Average = (2 + 3 + 4 + 4 + 6 + 7 + 8)/7

Average = 34/7

We see that the average does not equal the median.

Answer choice II is not correct. We can eliminate answer choices A and D. We know now that the correct answer choice is B, but we should still check.

III. 5

In order, from least to greatest, our values for the number of cars sold for the 7 days are:

2, 3, 4, 5, 6, 7, 8

We know that the median is the middle number of our list, so our median is 5. Next we calculate the average.

Average = sum/quantity

Average = (2 + 3 + 4 + 5 + 6 + 7 + 8)/7

Average = 35/7 = 5

We can see that the average does equal the median.

Answer choice III is correct.

The answer is B.
_________________

Jeffrey Miller Jeffrey Miller Head of GMAT Instruction

Re: The numbers of cars sold at a certain dealership on six of [#permalink]

Show Tags

26 Dec 2016, 00:26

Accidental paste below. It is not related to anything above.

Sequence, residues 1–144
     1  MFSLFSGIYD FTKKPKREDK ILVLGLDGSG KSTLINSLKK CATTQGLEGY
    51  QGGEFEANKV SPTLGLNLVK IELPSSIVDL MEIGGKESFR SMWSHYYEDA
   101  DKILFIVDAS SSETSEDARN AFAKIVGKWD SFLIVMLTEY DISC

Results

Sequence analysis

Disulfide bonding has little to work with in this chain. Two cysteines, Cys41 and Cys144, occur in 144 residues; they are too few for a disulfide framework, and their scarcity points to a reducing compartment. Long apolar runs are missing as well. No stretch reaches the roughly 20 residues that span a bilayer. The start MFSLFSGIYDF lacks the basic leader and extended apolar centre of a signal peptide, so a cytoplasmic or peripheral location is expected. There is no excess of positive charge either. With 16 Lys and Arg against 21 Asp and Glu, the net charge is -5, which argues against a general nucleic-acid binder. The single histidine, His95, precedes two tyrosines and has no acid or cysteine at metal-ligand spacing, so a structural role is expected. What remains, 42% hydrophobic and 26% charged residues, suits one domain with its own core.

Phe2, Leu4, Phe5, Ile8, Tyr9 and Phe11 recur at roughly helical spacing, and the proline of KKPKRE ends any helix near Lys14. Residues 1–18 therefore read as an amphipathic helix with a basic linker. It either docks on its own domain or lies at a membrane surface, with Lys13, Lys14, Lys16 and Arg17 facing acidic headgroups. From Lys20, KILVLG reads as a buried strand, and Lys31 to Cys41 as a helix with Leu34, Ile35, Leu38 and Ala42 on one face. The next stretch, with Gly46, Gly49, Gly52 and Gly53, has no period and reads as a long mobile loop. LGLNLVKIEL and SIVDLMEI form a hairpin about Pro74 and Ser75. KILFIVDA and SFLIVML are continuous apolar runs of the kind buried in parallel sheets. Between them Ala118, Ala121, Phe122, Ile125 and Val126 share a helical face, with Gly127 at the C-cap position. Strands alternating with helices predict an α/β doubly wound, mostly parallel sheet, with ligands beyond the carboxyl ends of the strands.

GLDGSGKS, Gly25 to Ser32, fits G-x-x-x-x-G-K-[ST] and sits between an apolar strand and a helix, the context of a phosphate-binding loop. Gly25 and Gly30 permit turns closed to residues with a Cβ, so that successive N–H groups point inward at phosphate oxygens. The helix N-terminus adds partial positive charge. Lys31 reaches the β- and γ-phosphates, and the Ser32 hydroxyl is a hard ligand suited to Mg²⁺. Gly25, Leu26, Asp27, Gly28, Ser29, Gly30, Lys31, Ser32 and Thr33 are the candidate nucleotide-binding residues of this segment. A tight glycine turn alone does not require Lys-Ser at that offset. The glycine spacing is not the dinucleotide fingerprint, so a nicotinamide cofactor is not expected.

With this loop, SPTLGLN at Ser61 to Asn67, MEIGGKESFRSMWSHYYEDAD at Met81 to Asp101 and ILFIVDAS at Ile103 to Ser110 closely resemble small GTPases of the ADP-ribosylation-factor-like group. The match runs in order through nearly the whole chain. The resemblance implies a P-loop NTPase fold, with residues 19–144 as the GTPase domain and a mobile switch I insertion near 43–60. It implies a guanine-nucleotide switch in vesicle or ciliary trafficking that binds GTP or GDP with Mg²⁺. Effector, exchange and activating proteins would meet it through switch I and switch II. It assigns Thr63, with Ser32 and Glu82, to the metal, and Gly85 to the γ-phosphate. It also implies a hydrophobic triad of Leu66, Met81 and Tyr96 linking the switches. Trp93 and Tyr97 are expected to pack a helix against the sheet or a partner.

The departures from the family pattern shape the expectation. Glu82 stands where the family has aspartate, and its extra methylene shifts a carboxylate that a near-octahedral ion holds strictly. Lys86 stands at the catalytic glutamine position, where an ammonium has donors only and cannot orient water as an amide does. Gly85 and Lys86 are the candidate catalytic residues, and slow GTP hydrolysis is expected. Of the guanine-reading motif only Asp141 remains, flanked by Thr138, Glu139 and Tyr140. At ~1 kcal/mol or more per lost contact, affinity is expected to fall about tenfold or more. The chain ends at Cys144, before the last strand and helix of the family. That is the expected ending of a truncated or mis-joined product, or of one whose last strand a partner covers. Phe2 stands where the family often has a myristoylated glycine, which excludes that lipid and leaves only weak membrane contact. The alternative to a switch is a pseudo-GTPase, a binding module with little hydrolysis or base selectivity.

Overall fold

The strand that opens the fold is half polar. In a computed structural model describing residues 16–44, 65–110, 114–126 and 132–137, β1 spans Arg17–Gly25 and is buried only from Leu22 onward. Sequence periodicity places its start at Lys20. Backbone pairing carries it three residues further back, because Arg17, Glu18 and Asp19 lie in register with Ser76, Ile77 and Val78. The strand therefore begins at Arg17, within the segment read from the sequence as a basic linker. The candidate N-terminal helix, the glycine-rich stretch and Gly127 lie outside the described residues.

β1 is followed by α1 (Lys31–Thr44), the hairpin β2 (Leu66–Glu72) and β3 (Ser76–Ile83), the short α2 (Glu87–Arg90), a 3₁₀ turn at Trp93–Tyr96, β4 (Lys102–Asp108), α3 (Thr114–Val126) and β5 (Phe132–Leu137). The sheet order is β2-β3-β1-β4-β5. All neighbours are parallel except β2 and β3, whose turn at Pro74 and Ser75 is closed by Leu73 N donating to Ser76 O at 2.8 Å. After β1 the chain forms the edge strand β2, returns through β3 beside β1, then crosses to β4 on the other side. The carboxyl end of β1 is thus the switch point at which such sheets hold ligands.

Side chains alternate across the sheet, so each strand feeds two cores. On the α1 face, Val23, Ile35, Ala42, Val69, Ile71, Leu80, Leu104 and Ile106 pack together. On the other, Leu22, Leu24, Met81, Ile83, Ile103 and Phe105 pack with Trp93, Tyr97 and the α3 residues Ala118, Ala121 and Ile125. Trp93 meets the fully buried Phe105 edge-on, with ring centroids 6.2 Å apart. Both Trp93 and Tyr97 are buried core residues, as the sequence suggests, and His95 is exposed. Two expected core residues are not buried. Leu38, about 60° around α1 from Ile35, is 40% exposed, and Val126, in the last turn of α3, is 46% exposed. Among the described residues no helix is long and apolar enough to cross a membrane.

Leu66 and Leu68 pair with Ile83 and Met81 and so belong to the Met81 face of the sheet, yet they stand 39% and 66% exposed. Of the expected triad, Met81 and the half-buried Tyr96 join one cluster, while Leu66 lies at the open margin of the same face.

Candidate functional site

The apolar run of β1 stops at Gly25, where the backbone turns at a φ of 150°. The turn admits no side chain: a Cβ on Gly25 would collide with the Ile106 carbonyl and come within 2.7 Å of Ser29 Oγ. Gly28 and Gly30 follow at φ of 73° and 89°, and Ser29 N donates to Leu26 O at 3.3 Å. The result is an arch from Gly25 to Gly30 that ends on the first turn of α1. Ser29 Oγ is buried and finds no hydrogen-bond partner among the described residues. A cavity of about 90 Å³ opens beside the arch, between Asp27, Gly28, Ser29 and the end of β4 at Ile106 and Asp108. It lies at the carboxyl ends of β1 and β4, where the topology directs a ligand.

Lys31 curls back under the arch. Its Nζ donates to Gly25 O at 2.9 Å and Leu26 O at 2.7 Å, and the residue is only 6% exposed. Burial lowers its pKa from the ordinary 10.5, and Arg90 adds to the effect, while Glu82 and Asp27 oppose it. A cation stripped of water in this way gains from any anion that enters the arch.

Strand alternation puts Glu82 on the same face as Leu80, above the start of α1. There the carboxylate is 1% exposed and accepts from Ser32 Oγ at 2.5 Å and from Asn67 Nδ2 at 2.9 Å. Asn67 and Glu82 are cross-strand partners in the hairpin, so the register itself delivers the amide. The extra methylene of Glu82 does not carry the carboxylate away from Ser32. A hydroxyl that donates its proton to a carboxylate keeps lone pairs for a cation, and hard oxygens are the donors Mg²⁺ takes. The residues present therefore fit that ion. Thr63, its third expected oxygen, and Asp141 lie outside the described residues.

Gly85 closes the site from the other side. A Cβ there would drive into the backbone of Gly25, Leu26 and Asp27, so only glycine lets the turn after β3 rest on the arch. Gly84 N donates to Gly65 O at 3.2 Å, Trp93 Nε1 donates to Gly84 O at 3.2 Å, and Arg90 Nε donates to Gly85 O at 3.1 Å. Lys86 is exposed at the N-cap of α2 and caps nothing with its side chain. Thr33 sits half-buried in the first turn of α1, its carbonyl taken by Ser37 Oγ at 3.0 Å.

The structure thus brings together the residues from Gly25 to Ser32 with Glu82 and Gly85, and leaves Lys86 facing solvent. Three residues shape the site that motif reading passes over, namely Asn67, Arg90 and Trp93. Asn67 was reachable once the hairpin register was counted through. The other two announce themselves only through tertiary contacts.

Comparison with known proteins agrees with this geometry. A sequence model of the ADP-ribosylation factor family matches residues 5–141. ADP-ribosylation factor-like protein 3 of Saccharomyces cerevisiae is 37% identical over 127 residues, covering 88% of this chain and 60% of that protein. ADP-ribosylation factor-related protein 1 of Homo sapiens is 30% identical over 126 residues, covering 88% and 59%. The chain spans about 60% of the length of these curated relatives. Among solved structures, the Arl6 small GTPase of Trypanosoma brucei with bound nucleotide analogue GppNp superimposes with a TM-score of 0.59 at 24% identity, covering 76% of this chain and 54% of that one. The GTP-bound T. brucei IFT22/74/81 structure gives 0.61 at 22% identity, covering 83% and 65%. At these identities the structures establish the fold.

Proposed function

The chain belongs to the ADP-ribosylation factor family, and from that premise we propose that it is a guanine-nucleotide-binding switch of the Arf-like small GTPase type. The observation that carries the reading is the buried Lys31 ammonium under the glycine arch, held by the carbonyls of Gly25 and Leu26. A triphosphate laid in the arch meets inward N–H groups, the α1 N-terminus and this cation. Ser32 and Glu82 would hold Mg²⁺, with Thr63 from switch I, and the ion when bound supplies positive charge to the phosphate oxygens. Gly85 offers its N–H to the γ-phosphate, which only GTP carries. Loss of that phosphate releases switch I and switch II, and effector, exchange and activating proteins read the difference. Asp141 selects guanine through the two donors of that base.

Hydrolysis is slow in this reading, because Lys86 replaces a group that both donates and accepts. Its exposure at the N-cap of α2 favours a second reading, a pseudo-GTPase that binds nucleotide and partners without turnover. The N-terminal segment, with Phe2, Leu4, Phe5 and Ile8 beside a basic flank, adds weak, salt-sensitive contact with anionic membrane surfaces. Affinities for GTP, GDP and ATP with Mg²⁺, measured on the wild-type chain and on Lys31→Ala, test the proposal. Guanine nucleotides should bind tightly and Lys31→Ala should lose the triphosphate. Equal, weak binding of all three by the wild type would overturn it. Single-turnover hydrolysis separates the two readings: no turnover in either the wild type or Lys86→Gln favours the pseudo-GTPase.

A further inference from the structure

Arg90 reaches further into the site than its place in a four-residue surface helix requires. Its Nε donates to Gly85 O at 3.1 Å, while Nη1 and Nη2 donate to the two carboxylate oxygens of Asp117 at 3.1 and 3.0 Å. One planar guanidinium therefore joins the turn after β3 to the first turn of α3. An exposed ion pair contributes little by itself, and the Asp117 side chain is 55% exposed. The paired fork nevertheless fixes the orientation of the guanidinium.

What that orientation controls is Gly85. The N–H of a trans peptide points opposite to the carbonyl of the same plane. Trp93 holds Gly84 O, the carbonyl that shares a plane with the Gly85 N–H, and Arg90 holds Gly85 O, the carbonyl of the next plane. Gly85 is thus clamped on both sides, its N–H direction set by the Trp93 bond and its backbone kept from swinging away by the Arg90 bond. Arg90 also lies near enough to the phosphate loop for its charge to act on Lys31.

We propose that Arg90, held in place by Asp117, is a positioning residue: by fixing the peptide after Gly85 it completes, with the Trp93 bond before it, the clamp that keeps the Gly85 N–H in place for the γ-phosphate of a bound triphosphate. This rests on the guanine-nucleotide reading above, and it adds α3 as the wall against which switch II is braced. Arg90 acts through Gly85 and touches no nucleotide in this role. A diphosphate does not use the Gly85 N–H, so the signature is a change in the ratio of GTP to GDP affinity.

Nice Question. Here is what i did in this one ->

Mean=30+x/7 = Median Since #=7 => Median will be in the series. Hence median must be an integer. So 30+x must be divisible by 7 Only 5 out of 2,4,5 will make that possible .

Happy New Year everyone! Before I get started on this post, and well, restarted on this blog in general, I wanted to mention something. For the past several months...

It’s quickly approaching two years since I last wrote anything on this blog. A lot has happened since then. When I last posted, I had just gotten back from...

Happy 2017! Here is another update, 7 months later. With this pace I might add only one more post before the end of the GSB! However, I promised that...

The words of John O’Donohue ring in my head every time I reflect on the transformative, euphoric, life-changing, demanding, emotional, and great year that 2016 was! The fourth to...